Hidden Camera Prank Exposes Absurdity of Climate Deniers' Arguments
One doesn't have to look far to find a political figure espousing the classic climate denier viewpoints. Earlier this year, Sen. James Inhofe threw a snowball on the Senate floor in the middle of winter in Washington, DC, as "proof" that global warming is a "hoax."
A little over a week ago, Donald Trump tweeted that it was recently cold on one particular day in New York City, so of course there's no such thing as global warming.
It's really cold outside, they are calling it a major freeze, weeks ahead of normal. Man, we could use a big fat dose of global warming!— Donald J. Trump (@Donald J. Trump)1445261430.0
And earlier this week, Sen. Ted Cruz told Glenn Beck that "global warming alarmists" don't have the evidence to prove that the planet is warming. "Climate change is not a science. It's a religion," Cruz said.
If only there were a way to show what these arguments looked like in a more simplified manner. Well, now there is. Upworthy—with the help of the UN Secretary-General's Climate Change Support Team and Unilever—put together a little social experiment to highlight the absurdity of climate deniers' arguments. And they did it using a hidden camera.
Here's a little background via Upworthy:
A handful of unsuspecting temporary employees were brought in to work for a company, but this wasn't a regular office—the other employees were actors.
Then there's this hilarious detail: The temporary workers arrived to find the thermostat broken and the temperature climbing throughout the day.
As the temp workers and the actors around them started to become unbearably hot, they finally decided it was time to speak up to the boss.
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By Aaron W Hunter
A chance discovery of a beautifully preserved fossil in the desert landscape of Morocco has solved one of the great mysteries of biology and paleontology: how starfish evolved their arms.
The Pompeii of palaeontology. Aaron Hunter, Author provided<h2></h2><p>Although starfish might appear very robust animals, they are typically made up of lots of hard parts attached by ligaments and soft tissue which, upon death, quickly degrade. This means we rely on places like the Fezouata formations to provide snapshots of their evolution.</p><p>The starfish fossil record is patchy, especially at the critical time when many of these animal groups first appeared. Sorting out how each of the various types of ancient starfish relate to each other is like putting a puzzle together when many of the parts are missing.</p><h2>The Oldest Starfish</h2><p><em><a href="https://www.biorxiv.org/content/10.1101/216101v1.full.pdf" target="_blank" rel="noopener noreferrer">Cantabrigiaster</a></em> is the most primitive starfish-like animal to be discovered in the fossil record. It was discovered in 2003, but it has taken over 17 years to work out its true significance.</p><p>What makes <em>Cantabrigiaster</em> unique is that it lacks almost all the characteristics we find in brittle stars and starfish.</p><p>Starfish and brittle stars belong to the family Asterozoa. Their ancestors, the Somasteroids were especially fragile - before <em>Cantabrigiaster</em> we only had a handful of specimens. The celebrated Moroccan paleontologist Mohamed <a href="https://doi.org/10.1016/j.palaeo.2016.06.041" target="_blank" rel="noopener noreferrer">Ben Moula</a> and his local team was instrumental in discovering <a href="https://www.sciencedirect.com/science/article/abs/pii/S0031018216302334?via%3Dihub" target="_blank" rel="noopener noreferrer">these amazing fossils</a> near the town of Zagora, in Morocco.</p><h2>The Breakthrough</h2><p>Our breakthrough moment came when I compared the arms of <em>Cantabrigiaster</em> with those of modern sea lilles, filter feeders with long feathery arms that tend to be attached to the sea floor by a stem or stalk.</p><p>The striking similarity between these modern filter feeders and the ancient starfish led our team from the University of Cambridge and Harvard University to create a new analysis. We applied a biological model to the features of all the current early Asterozoa fossils in existence, along with a sample of their closest relatives.</p>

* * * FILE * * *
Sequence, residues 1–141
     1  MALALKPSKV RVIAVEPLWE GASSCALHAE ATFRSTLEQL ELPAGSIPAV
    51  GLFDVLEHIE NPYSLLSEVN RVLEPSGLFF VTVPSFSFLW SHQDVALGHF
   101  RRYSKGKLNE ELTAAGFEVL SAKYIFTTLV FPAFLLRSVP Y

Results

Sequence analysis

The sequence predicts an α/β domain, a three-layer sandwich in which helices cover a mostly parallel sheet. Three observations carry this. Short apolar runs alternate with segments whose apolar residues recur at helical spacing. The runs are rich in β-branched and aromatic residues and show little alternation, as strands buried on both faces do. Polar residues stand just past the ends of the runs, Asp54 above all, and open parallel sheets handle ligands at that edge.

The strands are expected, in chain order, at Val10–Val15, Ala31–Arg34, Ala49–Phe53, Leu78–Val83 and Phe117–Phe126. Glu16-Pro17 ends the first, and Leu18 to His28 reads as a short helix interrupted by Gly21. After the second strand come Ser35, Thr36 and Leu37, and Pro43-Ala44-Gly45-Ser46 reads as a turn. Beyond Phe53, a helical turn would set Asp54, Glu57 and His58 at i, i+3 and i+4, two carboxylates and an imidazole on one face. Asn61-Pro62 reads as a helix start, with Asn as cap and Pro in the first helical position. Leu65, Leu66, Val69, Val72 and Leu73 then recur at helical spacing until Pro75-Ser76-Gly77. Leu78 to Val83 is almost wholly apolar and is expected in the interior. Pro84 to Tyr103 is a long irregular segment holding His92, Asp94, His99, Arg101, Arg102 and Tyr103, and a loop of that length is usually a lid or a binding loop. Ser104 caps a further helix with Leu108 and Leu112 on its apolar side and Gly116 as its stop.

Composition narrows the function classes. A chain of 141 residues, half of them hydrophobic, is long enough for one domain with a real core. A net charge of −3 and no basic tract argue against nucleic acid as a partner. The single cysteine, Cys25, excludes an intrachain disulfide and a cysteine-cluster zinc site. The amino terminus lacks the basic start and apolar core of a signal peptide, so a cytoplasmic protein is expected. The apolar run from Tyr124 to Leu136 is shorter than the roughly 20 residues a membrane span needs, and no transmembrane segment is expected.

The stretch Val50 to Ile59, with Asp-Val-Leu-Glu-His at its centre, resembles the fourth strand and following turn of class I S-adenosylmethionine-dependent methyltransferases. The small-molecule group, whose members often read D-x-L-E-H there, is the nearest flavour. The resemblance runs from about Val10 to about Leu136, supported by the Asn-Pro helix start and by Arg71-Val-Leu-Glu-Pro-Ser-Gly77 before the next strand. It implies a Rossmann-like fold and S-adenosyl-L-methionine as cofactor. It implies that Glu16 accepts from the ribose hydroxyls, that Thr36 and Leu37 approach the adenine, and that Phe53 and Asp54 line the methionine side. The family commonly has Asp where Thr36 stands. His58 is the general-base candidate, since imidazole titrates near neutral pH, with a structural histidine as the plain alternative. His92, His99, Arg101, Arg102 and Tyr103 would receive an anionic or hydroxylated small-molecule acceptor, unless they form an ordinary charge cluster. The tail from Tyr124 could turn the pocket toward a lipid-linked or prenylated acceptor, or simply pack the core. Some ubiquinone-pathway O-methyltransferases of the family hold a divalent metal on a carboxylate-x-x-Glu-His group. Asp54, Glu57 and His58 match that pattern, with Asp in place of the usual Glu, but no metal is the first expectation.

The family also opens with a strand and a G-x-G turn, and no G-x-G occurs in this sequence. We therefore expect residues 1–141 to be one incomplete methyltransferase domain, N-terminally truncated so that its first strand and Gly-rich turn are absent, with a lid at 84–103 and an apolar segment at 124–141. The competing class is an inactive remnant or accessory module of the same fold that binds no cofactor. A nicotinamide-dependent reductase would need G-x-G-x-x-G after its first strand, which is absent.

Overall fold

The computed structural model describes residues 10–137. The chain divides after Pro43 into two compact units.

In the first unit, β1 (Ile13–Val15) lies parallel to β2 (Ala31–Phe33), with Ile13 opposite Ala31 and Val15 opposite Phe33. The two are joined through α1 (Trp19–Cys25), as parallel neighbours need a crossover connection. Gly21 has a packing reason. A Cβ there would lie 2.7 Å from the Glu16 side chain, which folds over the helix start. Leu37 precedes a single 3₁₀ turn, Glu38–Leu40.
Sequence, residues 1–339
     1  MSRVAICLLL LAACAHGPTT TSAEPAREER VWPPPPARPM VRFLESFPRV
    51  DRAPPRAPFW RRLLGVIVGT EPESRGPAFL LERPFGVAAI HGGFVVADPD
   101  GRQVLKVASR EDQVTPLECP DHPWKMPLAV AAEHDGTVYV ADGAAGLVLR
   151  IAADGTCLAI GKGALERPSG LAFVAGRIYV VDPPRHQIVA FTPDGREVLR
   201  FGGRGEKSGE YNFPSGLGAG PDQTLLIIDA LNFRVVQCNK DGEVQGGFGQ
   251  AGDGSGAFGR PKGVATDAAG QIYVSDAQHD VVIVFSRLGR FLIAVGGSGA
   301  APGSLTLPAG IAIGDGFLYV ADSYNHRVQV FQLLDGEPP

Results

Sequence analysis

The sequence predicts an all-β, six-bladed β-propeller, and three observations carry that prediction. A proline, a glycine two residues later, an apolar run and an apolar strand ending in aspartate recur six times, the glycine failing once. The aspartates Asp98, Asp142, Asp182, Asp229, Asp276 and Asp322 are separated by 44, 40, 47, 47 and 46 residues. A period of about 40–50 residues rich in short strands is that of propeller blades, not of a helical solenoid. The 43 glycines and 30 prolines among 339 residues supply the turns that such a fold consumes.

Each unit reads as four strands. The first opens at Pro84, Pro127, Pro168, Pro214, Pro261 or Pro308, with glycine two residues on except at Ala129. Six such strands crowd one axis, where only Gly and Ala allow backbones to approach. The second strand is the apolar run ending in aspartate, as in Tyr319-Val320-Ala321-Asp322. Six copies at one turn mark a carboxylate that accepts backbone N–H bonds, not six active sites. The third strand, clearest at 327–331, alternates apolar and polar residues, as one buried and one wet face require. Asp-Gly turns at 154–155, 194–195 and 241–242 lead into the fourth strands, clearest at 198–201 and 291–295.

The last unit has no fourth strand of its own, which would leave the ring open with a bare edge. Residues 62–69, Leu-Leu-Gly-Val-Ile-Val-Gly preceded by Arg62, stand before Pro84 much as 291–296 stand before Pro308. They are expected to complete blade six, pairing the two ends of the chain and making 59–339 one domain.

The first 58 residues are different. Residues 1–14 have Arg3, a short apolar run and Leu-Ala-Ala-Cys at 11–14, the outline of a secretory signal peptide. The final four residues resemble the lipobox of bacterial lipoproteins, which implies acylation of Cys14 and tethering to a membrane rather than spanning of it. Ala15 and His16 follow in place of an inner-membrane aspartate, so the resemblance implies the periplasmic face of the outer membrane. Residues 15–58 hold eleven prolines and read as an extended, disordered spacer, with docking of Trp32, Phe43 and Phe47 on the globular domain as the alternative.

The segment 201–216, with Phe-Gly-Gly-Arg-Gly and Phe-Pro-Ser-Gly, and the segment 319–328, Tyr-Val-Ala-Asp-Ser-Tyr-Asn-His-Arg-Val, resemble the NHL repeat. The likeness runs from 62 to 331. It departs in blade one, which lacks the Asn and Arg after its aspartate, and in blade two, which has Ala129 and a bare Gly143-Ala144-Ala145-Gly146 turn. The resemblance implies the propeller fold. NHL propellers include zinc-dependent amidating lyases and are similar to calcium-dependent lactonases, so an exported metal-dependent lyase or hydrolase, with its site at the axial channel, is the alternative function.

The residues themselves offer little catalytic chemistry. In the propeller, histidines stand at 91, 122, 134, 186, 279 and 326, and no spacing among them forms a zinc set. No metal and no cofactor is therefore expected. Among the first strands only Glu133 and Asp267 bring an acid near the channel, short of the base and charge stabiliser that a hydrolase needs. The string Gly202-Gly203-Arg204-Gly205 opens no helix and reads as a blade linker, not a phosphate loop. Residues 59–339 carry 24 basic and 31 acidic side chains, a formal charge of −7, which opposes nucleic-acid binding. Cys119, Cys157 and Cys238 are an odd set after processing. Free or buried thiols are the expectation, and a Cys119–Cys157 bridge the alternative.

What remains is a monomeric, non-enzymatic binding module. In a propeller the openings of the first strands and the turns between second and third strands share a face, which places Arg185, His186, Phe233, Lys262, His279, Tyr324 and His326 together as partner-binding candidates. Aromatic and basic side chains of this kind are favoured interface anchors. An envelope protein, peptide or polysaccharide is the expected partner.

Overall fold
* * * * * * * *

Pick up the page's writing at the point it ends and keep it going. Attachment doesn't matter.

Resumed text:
Cantabrigiaster is the most primitive starfish-like animal to be discovered in the fossil record. Aaron Hunter, Author provided<p>Our results demonstrate <em>Cantabrigiaster</em> is the most primitive of all the Asterozoa, and most likely evolved from ancient animals called crinoids that lived 250 million years before dinosaurs. The five arms of starfish are a relic left over from these ancestors. In the case of <em>Cantabrigiaster</em>, and its starfish descendants, it evolved by flipping upside-down so its arms are face down on the sediment to feed.</p><p>Although we sampled a relatively small numbers of those ancestors, one of the unexpected outcomes was it provided an idea of how they could be related to each other. Paleontologists studying echinoderms are often lost in detail as all the different groups are so radically different from each other, so it is hard to tell which evolved first.</p>
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